The Magicians, on the other hand, is set in a time very much the present but in a magical world alongside ours, the center of which is Brakebills College for Magical Pedagogy, a school which – to the characters – had previously only existed in the pages of books they loved as children.

In the pilot, we meet Quentin Coldwater, a college student who is quite frankly a tragedy at parties and who we learn recently left a mental hospital.

Interestingly, that he was a patient at such a facility is not in the books, but when executive producers/showrunners Sera Gamble and John McNamara wrote it into the pilot, McNamara said author Grossman asked, “How did you know he was in a mental hospital?” Gamble said that as a reader, she suspected Quentin of battling clinical depression so “we named it and that made it part of the show.”

To bring it to the screen, Gamble and McNamara optioned the book trilogy from Lev Grossman themselves, without the network attached, as they wanted to write it in their own way. Gamble was a fan of the books and McNamara, who’d written the film Trumbo had been recommended them by its producer, Michael London.

The approach worked for author Grossman, who’d met with several networks about developing the trilogy for TV but kept meeting with people who did not quite understand his vision.

By optioning it directly to Gamble and McNamara, Grossman got to “work with people I instantly trusted whose vision I liked, and I was part of the package that went to the networks.”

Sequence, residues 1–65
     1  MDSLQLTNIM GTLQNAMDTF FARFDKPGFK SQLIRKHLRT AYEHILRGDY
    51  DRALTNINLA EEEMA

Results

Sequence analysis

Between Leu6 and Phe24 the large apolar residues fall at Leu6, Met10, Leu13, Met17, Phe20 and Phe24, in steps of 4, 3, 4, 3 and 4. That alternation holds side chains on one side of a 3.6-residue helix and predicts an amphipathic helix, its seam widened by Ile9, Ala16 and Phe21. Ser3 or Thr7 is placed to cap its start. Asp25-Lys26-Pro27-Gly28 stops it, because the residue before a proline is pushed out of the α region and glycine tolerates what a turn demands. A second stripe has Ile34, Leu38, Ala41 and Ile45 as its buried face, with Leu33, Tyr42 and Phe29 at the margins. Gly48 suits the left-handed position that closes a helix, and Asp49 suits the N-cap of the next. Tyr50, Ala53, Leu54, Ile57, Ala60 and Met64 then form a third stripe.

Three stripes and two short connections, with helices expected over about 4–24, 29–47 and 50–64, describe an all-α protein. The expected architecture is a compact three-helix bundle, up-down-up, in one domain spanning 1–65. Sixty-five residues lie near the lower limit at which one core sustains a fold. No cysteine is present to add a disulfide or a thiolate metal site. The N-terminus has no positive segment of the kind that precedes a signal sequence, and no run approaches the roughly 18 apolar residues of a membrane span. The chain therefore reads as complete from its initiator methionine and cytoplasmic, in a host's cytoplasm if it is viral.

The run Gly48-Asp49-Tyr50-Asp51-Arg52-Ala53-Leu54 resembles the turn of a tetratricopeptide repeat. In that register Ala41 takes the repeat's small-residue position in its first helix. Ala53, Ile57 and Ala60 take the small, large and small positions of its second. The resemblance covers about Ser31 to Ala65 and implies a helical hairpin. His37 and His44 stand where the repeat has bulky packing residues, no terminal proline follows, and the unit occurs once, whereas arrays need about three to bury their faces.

While at times Grossman admits some anxiety about the way things were being translated for TV,  Gamble and McNamara both praised him for being very savvy in the ways of television versus books.

Said Grossman, “I’m 46. It took me 20 years to figure out how books worked, so coming in I realized I had no idea how TV worked. When I write a book, I play all the parts, design all the costumes and dress all the sets. But for TV, as I watched John and Sera make it all happen, it’s like being the mayor of a small town. I had no illusions that I needed to be in charge.”

Gamble admitted to being nervous to cast with Grossman, but ultimately “he found it amusing,” she said. And Grossman wrote in an email that “A couple of the cast members look spookily like my mental images of the characters, in particular Hale Appleman as Eliot.”